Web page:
Two years ago I planted a little hibiscus plant out behind my house. It grew quickly and flowers all the time with double flowers. Double flowers means each bloom is more ruffled looking with layers of petals as opposed to flat, 5-petaled flowers.
Hibiscus grow very well here in Florida, and this past winter was quite mild without any overnight temperatures dropping below freezing. At least not where I live. I never had to cover any plants and everything looks great. The chances of having a freezing night now are slim, so it’s safe to cut back outdoor plants that need it.
The reason you wait over winter before trimming outdoor plants in Florida is that frosts can kill off the branches. A tall plant may be trimmed up this way by nature, so to speak. If this hibiscus had frost damage, I would still be trimming it back but the lower part of the bush would be safe and green. Because of the mild winter and the fact that it flowers nearly all the time, I had to cut off perfectly good flowering stems loaded with buds.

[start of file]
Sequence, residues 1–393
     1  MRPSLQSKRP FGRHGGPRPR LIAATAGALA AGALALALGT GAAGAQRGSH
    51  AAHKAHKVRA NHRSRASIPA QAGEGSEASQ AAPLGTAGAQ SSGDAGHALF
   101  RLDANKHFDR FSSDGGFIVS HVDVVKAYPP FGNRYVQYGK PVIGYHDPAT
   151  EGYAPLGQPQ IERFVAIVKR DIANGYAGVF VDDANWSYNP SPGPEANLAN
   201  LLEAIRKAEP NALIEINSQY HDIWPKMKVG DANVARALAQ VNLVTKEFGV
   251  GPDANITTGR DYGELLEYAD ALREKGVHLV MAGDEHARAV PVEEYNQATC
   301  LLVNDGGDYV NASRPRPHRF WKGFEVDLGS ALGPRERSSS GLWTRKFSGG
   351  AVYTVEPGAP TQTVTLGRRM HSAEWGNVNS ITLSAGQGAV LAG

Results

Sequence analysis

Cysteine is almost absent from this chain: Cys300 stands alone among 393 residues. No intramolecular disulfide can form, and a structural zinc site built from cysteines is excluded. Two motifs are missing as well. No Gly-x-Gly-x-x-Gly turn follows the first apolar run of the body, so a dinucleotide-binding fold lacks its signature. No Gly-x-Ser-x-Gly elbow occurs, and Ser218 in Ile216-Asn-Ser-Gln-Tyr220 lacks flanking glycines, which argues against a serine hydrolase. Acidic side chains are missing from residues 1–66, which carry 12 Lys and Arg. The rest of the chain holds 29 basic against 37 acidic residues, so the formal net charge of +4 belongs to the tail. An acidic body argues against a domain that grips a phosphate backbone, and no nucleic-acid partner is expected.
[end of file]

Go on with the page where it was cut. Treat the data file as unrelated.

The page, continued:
Because I hate throwing beautiful flowers away, I kept a few flowering stems. Hibiscus do not make good cut flowers because they last only a day. This little orange bouquet had to be thrown out the next day. All the stems wilted and died.
The bush looks scrawny now, but I know that the trim will help it to branch out and gain a better shape. I trimmed away the long branches near the house hoping to get better air flow and keep bugs to a minimum. Last year I had Giant Whiteflies and aphids all over this plant.
I have spread Blood Meal around the base and gave it a watering with Fish Emulsion fertilizer. Hibiscus are easy to grow but a little help with nutrients will keep the leaves nice and green and the flowers bright and big. A healthy plant can withstand bug infestations better too. And the bugs will be invading soon.
For tips on growing hibiscus plants indoors, read this article at Nursery Live.